The music + pups of Amy van Keeken

Featured on Episode 2


Amy van Keeken,


an accomplished



She's based in Edmonton, Alberta, Canada where she welcomed Pet Sounds into her home on Episode 2. 

On the show, she talks about her music-making and how her doggos engage with it. They get lots of chances when her band comes over for practice and she teaches youth in private lessons out of her home studio. 


> Her solo work

> Mysticeti

> The Awesomehots

> The Secretaries


Amy and her partner Darren have two dogs. When we recorded our interview, it was Nabby and Daisy.

 Daisy, Amy, Nabby and Darren out on a walk

Daisy, Amy, Nabby and Darren out on a walk

Since then Nabby died. The sweet little black dog had a good long life and passed away at home. There will always be a Nabby-shaped hole in their hearts. 

 Bernie in all his glory!

Bernie in all his glory!


After many months of mourning the beloved pup, Amy, Darren and Daisy wanted to honour Nabby by rescuing another pup.

That's when they met a goofy guy named Bernie.

He loves his fur-sibling Daisy, maybe a little too much at times (Bernie can be an annoying little brother to Daisy) but as you can see, Daisy and Bernie have really bonded. 

Animal vs. human hearing

Featured on Episode 2


Human hearing isn't close to as good as many animals' auditory abilities.

Veterinarian Dr. Elaine Degrandpre explains what humans and our pets can hear.

"If you compare (animals) hearing to humans, it's very sensitive. Dogs and cats have a different range in frequency than humans," says Degrandpre, the Senior Medical Officer for Northern Alberta Institute of Technology (NAIT)’s Animal Health Program


It's measured in Hertz.

Hertz are the unit of frequency - one cycle of sound wave per second. The hertz symbol is Hz.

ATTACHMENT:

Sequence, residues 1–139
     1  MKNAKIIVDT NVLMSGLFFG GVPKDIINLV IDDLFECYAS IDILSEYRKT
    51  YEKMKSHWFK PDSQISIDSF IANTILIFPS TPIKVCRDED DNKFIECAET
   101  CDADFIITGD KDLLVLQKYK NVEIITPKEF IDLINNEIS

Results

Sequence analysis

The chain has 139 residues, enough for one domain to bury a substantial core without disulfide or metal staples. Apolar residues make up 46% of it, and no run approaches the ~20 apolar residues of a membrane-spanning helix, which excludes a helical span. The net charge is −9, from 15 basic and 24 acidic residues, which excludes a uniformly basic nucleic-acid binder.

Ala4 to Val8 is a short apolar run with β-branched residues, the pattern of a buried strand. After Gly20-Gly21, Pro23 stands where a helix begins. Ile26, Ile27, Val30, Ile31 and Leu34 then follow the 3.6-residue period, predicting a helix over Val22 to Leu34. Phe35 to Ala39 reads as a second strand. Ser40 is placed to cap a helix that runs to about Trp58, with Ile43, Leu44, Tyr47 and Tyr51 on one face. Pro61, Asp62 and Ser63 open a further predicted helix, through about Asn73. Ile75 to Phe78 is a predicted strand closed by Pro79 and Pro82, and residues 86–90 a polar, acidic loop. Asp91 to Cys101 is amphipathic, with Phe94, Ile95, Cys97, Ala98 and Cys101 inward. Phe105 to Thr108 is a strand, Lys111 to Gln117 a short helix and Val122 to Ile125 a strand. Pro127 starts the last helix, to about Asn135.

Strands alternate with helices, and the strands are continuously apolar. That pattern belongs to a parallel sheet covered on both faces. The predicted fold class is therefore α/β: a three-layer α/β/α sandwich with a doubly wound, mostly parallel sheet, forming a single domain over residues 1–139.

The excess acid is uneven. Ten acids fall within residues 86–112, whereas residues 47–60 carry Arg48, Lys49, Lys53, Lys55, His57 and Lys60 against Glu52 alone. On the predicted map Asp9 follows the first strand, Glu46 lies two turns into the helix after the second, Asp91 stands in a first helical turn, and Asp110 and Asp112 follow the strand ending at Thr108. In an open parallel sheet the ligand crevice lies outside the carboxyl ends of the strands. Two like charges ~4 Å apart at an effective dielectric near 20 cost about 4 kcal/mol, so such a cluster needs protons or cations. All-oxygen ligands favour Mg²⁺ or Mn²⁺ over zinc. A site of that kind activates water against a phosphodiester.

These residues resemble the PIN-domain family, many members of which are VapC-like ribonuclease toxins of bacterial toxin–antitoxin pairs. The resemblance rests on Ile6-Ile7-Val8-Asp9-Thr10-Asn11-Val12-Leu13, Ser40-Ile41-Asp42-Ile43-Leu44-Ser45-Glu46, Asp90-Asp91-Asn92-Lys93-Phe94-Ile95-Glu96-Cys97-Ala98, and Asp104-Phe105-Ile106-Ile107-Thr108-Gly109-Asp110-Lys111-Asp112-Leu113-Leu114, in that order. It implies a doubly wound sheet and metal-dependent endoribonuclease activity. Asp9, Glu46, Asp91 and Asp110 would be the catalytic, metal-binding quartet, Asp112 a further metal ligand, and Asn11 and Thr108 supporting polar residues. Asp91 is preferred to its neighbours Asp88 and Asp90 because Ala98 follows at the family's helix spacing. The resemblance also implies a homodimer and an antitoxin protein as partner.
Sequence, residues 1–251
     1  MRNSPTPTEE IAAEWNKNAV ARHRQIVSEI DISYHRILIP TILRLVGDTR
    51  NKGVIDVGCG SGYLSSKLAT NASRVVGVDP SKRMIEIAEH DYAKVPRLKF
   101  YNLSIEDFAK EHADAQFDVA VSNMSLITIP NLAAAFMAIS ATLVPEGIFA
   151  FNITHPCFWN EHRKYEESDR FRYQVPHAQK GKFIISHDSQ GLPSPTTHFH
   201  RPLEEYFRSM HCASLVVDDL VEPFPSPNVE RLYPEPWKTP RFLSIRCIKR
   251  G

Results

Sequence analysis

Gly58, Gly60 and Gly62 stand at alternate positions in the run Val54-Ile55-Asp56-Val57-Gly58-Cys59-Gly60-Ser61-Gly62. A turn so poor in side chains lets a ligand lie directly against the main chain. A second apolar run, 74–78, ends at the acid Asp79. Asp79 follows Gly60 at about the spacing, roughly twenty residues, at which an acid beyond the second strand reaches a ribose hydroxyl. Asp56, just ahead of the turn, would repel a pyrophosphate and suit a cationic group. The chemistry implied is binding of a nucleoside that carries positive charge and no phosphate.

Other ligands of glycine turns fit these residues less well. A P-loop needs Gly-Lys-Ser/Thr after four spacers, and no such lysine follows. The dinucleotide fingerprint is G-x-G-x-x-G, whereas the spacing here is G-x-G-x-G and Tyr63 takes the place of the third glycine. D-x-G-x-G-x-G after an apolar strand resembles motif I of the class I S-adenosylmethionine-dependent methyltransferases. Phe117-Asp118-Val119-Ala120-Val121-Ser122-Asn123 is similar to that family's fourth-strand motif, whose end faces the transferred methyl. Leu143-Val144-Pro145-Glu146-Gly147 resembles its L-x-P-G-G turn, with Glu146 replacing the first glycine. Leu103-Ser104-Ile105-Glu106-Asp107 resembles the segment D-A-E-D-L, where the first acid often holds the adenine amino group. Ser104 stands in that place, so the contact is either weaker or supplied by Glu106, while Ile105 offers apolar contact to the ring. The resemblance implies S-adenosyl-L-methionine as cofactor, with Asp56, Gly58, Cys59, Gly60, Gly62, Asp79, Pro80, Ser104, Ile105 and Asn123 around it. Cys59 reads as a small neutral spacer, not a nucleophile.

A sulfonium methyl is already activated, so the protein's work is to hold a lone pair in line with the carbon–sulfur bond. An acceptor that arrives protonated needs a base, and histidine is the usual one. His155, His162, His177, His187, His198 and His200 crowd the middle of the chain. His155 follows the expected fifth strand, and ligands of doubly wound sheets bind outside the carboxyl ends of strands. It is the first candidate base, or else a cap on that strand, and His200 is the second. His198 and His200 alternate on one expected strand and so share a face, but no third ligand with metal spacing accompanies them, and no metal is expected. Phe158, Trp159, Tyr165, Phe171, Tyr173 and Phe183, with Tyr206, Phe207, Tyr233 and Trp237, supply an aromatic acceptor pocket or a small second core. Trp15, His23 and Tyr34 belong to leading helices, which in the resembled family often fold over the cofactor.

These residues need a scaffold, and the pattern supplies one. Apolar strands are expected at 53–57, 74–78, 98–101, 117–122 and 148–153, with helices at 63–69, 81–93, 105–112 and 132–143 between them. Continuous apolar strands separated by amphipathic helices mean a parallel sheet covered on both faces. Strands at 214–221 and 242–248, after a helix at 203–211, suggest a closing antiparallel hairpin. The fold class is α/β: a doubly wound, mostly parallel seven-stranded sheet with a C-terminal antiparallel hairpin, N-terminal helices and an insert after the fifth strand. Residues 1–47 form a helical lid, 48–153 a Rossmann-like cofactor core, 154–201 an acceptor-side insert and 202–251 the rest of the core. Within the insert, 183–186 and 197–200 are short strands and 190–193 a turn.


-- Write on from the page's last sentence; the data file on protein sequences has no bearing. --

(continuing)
Degrandpre outlines the range of frequencies heard by humans is 20 to 20,000 Hertz, while dogs hear from around 67 Hz to 45,000 Hz and cats can hear 55 Hz up to 79,000 Hz. 

Here's a breakdown of hearing abilities of animals:



Not only that...



Cats have added hearing gear.

It's called the pinna.

It's the external ear which can be rotate up to 180 degrees. It's like having a satellite dish for ears.

It allows the felines to zero in on a tiny sound, undetectable by us humans. 



Play this video to find out what you can and can't hear.




The science of animal music preferences

Featured on Episode 2


Dr. Charles Snowdon's research started with monkey sounds.

It was back in 1969 when he began studying the squirrel-sized cotton-toptamarin monkey.

 A cotton-top tamarin © Wikimedia

A cotton-top tamarin
© Wikimedia


Dr. Snowdon was researching at the University of Wisconsin-Madison, investigating the vocal and chemical communication signals as well as their social development and cognition of the cotton-top tamarin monkey. 


It happened in 2009 when he teamed up with a cellist from the National Symphony Orchestra, David Teie to craft music for the monkeys. The pair identified the vocalizations made by the mammals and composed music to mirror it.

The study showed that it's not just humans who engage with music. 


From there, Snowdon and Teie started composing music for cats. They used the same technique as they did when developing the monkey music.

They began by identifying how felines communicate and what frequencies they are able to hear. 

The result is music for cats. 

You can buy or listen to the music over at Music for Cats

Old and new podcast look

Featured on Episode 1